Q & A
Ray’s responses to questions asked by Renata Derejczyk,
Artistic Director of the Bagatela Theatre in Poland:
Q. How did it happen that at the age of 14 you managed to perform on the stage and even had a dream of Marlon Brando’s fame?
A. I came from a working-class family and my Mum and Dad loved the theatre and the movies. As there were no such things as ‘baby-sitters’ they took me with them to see all the plays and musicals and all the new films. From the age of ten all I wanted was to be an actor. In the 1940’s you could leave school at 14 so I persuaded my parents to let me get out on my 14th birthday. I’ve never looked back! Even though I never became Marlon Brando or Laurence Olivier.
Q. In 1983 you created the Theatre of Comedy Company and became its Artistic Director. You produced, among other plays, “Pygmalion” with Peter O’Toole. How is it to work with such a big stars?
A. Big stars are no different from ordinary actors. If they have faith in you they adore the work
Q. You are an actor, director, author of theatrical plays, screenwriter and producer. What part of your activity is your favorite one?
A. I still love ‘Acting’ the best. The writing, directing and producing each have their pressures, but to be on stage is to be at home.
Q. Your plays have been loved and adored in France. As we are usually convinced in Poland – English and French sense of humor are completely different. Where do you find the source of your popularity in Europe?
A. I think my plays are popular all over the world because I wasn’t ‘over - educated’ or went to University. The basic premise of each one of my plays is so simple and is recognisable by everyone everywhere - lucky me!
Q. Do you, and if so – for how long, are you “testing”, checking your plays before you have come to final version?
A. My kind of play is not ‘written’ its re-written. I don’t mind how much work I put into it but I have to get it as perfect as I can. I finish the first draft then sit down again and re-write. Then a rehearsed play reading and re-write - Then a ‘try-out’ in a Provincial Theatre - re-write. Another try-out - re-write ! I always appear in the workshops and tryouts so I can get a real feed-back from the audience.
Q. How have did you come to the idea of “Run for Your Wife’?
A. I kept reading in the Press about bigamists! I’m never looking for a ‘funny’ idea. I need a dramatic basic premise which written by a ‘serious’ playwright would be a ‘Tragedy’
Q. A Polish reviewer wrote that the story of London bigamist and his coming out wasn’t interesting for Polish Viewers but, despite that, Polish audiences had been laughing for over two hours! Could you solve the mystery?
A. All over the world the laughs come in the same place. Everybody, everywhere needs to LAUGH.
Q. The Polish name for “Run for Your Wife” is “Mayday” and poses more meanings. Do you like the translator’s idea of using international code for “life in danger”?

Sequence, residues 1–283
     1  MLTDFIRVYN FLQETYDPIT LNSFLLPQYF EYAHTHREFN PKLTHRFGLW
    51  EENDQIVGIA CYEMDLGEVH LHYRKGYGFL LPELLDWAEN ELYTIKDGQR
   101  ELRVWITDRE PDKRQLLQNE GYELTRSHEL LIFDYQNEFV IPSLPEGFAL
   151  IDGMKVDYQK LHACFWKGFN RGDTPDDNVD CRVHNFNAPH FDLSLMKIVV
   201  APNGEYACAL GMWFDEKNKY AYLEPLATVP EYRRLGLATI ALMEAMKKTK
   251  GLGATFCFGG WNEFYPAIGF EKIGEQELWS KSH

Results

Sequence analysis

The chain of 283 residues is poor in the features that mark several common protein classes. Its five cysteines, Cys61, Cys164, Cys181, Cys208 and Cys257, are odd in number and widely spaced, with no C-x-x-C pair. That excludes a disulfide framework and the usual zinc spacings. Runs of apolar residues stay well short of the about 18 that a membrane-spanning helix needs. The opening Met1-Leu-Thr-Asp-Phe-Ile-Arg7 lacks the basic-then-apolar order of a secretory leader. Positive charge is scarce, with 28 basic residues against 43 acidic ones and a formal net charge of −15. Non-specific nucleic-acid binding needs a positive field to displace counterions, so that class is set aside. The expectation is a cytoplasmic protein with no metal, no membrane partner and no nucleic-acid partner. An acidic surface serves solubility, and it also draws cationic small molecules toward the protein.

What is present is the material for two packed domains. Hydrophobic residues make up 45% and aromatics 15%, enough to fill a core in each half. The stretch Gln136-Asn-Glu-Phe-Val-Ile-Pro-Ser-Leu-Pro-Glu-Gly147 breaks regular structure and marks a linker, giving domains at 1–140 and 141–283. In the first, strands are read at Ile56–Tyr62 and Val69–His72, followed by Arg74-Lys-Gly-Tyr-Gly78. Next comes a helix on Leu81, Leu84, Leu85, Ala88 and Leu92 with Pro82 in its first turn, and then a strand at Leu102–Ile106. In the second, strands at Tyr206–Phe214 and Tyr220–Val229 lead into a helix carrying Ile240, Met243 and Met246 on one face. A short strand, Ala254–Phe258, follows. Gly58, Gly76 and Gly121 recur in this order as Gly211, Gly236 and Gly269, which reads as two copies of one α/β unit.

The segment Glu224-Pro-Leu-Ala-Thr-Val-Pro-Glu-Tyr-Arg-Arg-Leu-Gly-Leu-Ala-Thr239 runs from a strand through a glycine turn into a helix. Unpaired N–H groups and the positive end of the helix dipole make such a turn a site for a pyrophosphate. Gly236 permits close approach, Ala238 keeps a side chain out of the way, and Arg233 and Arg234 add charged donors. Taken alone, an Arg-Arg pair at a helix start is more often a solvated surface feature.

A. I love the title ‘MAYDAY’, “RUN FOR YOUR WIFE” is a play on the British saying “RUN FOR YOUR LIFE”.
Q. In your opinion, which of your plays has come to be the biggest success, and which one do you think has been underestimated?
A. I suppose “RUN FOR YOUR WIFE” (or Mayday) should be my favourite because it ran for 9 years in London and has eclipsed that in Poland! However the truth is that, when I’m working on a new play, that one is my favourite because its my ‘baby’ and I have to nurture it and see it through to becoming an ‘Adult’.
Q. You have come back to directing “TWO IN ONE” lately. You wrote it in 1984. What are those meetings after many years? How is it to meet it again after years?
A. What is astonishing about reviving “TWO INTO ONE” after 30 years in that it seems as fresh as it did in 1984! The laughs come in exactly the same place. The little chuckles are still the little chuckles and huge ‘belly laughs’ (as we call them here!) are as huge as they were 30 years ago.
PS. Like I said I’m a lucky guy who’s had ('having’) a lucky and greatly enjoyable career. And I’ve been married to the same wife for 51 years!
Q & A - The Guardian
Ray Cooney 73, was born in London and is best known for writing the farces Run For Your Wife and Funny Money. At 14 he appeared in Song Of Norway at the Palace Theatre, London, before joining Brian Rix's company at the Whitehall Theatre in 1956. a successful producer and director, he established the Theatre of Comedy at the Shaftesbury Theatre, London in 1983. Cooney's new play, Tom, Dick and Harry, is co-written with his son Michael and Previewing at the Duke of York's Theatre, London.
What is your idea of perfect happiness?
For everybody to have as perfect a life as me
Which living person do you most admire?
My wife - she's put up with me for 43 years.
What is the trait you most deplore in yourself?
What is the trait you most deplore in others?
Not getting my point of view
What is your greatest extravagance?
What is your most unappealing habit?
Weeing on the compost heap at night
What is your favorite word?
What is your favorite smell?
A theatre dressing room - make-up, sweat and history
How did you vote in the last election?
I didn't, I was rehearsing
How will you vote in the last election?
I hope I'll be rehearsing
Which Living person do you most despise?
If he's still alive, the critic who described my performance in Harvey in weekly rep thus: 'Ray Cooney went through the entire performance like a tortured cobra'
Which word or phrases do you most overuse?
'Well done, darling' - to an actor, not my wife.
What is your greatest regret?
I don't have a personal one
How often do you have sex?
Sorry, my wife reads the Guardian
What would your motto be?
Make'em laugh, make'em laugh, make'em laugh.
What keeps you awake at nights?
Only the Guardian crossword
What is the most important lesson life has taught you?
That it's short must be lived for every second.